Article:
You know how to sign your name, right? This week I heard a story on the radio that some states are no longer requiring the teaching of cursive writing. If people really do grow up without knowing this, will we stop having signatures? Will people in the future look at George Washington’s signature (or at letters he wrote) and think “What are these mysterious lines?” This week I also went to an event where signatures are considered part of the reason for being there—a book promotion where an author signs copies of the book.
The author was Sue Monk Kidd, who appeared for a talk and book signing at St. Bartholomew’s Episcopal Church, to promote her new novel The Invention of Wings. Many people had copies of the book, and Kidd sat at a table before her talk, rolling out her signature. I also have a copy of that novel, which I bought as a birthday present for myself a couple of months ago, but I didn’t have my copy with me this week, as I’ve loaned it to someone.
Over the years I’ve stood in line to have other writers sign a book, but at this point I realize I don’t care anymore about having a signature. Maybe if it was somebody from the Bible, like Noah. I wouldn’t mind if he signed his chapter. Otherwise, what am I going to do with a signed book? Probably just give it away the next time I move.
I did, however, want to meet Sue Monk Kidd. I got in line to say hello to her, and to tell her that I’ve enjoyed her novels, though I really wanted to say “Can we sit somewhere and talk about writing for an hour?” Instead I said my few words of approbation, shook her hand, and moved on. It’s a disadvantage, sometimes, being nobody.
There was quite a crowd gathered for the talk, which was held in the somewhat stark, modern sanctuary of the church. Looking at the crowd, I noticed what was obvious—99% of the attendees were women. I can’t figure what to make of that. Is it because Kidd writes about female characters and women read about women, whereas men read about men? Are human beings so stupid that we only want to read about ourselves? I hope there was another reason for this strange gender imbalance.
This particular novel has a historical setting and uses two real people, the Grimké sisters, Sarah and Angelina, who lived in Charleston, South Carolina, in the early 1800s. In her talk, Kidd told us some of how the book was inspired, a bit of how she came to create it as she did, and she did a few readings from the book.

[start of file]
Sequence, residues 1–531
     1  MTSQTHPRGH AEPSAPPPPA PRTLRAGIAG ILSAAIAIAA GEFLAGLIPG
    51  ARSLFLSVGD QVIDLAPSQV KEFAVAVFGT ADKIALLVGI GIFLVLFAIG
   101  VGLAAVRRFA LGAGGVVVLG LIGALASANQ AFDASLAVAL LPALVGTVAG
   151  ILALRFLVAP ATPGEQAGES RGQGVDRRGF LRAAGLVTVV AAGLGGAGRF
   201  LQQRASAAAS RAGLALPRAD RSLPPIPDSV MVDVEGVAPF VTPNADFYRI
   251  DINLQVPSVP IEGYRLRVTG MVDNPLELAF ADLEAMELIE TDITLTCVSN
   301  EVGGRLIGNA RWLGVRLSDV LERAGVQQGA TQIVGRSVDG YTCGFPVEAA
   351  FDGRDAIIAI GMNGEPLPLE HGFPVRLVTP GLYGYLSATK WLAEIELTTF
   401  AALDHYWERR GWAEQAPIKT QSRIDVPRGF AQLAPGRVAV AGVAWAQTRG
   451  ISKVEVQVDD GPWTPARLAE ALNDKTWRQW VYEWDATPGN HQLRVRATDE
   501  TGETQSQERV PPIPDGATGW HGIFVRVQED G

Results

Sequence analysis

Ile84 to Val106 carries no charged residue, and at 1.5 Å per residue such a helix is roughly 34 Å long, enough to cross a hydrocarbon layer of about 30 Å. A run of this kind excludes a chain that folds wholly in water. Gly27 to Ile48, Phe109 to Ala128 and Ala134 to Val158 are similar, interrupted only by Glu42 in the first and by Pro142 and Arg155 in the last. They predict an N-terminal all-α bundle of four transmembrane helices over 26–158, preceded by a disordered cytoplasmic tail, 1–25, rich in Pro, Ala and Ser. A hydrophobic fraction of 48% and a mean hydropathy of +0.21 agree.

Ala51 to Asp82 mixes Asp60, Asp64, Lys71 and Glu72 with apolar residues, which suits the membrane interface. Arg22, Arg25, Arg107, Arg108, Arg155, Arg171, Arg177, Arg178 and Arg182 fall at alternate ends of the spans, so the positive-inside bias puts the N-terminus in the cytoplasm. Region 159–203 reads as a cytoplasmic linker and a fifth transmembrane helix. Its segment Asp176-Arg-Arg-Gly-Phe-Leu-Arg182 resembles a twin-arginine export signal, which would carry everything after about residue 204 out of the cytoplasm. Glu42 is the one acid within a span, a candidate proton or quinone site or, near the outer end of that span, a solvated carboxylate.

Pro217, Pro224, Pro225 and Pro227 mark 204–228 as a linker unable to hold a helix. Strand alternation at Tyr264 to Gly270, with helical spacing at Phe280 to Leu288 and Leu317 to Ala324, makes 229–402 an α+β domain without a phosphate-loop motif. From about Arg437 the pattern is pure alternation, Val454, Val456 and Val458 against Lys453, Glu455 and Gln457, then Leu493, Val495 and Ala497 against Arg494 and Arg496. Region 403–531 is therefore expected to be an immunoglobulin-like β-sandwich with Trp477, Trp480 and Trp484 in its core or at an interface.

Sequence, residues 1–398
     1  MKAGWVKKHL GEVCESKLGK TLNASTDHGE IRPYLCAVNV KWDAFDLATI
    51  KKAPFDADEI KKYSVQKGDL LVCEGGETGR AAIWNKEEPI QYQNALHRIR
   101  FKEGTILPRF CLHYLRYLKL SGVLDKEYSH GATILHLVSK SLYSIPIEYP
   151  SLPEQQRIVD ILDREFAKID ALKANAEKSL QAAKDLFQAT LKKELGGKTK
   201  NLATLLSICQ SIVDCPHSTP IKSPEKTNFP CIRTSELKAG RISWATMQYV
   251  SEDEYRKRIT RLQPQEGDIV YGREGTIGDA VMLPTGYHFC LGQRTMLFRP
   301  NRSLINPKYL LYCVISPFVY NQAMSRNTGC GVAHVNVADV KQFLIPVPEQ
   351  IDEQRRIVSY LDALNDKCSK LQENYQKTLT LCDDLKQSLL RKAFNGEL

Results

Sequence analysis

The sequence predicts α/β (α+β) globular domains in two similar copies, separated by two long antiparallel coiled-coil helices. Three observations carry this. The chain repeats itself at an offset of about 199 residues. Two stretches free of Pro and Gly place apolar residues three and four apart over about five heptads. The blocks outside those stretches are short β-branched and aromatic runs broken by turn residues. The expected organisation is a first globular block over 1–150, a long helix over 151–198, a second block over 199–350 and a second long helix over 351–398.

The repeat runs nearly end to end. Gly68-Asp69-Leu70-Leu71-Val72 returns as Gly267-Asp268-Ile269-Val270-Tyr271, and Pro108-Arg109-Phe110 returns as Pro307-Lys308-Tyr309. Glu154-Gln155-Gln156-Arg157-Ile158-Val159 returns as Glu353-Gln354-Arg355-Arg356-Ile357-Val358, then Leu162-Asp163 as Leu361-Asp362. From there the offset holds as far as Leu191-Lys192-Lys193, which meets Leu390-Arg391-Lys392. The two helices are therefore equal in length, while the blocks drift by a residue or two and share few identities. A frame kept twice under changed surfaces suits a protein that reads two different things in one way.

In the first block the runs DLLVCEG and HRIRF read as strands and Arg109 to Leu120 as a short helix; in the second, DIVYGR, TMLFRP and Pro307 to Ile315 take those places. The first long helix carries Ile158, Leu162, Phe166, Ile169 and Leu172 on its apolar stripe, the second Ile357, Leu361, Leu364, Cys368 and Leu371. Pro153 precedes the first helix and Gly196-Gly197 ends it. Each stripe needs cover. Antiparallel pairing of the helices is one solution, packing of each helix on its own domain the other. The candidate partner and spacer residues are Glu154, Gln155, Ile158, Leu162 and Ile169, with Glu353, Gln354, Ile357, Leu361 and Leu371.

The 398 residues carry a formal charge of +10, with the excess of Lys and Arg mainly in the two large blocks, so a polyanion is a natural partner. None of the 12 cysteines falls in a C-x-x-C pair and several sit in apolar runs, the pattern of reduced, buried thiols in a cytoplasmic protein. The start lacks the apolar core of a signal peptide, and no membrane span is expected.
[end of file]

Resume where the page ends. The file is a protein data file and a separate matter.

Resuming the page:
Kidd also talked about the fact that she has always felt compelled to write about race (she also wrote The Secret Life of Bees). She grew up in Georgia, at a time when she saw the open racism of Colored water fountains and other signs of our southern apartheid. In addition, Kidd told us about sitting in school watching a home economics teacher make a short list of the few jobs that were available to women. With The Invention of Wings, Kidd has embodied the battle against both racism and sexism by writing about two women who engaged that battle—amazingly—in the 1830s, women who rose up in the very maw of slavery and opposed it. We can reasonably ask why South Carolina has not yet erected a monument to these women.
As a writer myself, I was also interested in some of what Kidd said about how she writes. I happily noted that she referred to Joseph Campbell and his idea that something extraordinary happens to initiate an adventure. This was an idea Campbell (a scholar of mythology) discusses in his book Hero With a Thousand Faces. For her novel, Kidd said that the event that sets off the “adventure” (the plot of the novel) is a birthday party, when Sarah Grimke is a little girl and her mother gives her a young slave as a birthday gift.
As part of her talk to us in the church, Kidd discussed racism as a lingering result of slavery. I’m glad to see her write about this, talk about it, push the discussion. We have not yet had an honest recognition in the south of the apocalyptic horror that happened here. Shamefully, even now in the 21st century we still hear weasel language about heritage and history and obtuse bullshit about the Confederate battle flag, without acknowledgment of what that “history” was really about.
Books like The Invention of Wings are moving us in the right direction, and I’m grateful to Kidd for adding to the necessary conversation. This is part of what writers can do. As Kidd said, “What I really want readers to take away is to feel what it might be like to be an enslaved woman.”